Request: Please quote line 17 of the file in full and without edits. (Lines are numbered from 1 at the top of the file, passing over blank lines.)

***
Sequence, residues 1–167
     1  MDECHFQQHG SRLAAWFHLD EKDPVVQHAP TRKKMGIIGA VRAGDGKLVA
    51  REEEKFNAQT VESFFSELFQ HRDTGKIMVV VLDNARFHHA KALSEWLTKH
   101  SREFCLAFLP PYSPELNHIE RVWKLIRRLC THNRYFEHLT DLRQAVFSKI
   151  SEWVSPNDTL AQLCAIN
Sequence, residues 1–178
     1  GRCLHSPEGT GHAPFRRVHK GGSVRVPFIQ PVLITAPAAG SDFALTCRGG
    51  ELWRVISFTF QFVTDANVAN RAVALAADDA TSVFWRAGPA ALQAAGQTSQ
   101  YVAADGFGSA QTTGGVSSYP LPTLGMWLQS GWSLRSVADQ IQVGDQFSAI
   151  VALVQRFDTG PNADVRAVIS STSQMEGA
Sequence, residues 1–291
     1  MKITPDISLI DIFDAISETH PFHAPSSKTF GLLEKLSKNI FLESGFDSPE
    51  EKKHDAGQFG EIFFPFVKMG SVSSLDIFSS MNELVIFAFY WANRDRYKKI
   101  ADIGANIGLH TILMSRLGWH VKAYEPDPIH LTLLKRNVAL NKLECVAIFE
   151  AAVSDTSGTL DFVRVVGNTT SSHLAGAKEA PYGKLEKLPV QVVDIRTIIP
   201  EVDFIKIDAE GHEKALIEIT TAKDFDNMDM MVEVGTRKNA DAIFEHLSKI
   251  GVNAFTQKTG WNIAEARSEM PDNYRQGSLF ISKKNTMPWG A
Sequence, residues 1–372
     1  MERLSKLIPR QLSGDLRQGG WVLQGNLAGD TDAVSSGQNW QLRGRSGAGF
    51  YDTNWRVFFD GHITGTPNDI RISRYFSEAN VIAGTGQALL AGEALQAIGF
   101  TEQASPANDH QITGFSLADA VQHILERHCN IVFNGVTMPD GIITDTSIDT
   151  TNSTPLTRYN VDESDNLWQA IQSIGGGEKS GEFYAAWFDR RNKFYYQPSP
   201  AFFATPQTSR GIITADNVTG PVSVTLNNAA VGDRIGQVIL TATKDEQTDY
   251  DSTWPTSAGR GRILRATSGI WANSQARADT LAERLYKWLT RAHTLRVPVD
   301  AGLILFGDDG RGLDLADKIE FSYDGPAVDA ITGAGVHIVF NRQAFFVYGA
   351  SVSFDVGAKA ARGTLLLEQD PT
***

   251  GVNAFTQKTG WNIAEARSEM PDNYRQGSLF ISKKNTMPWG A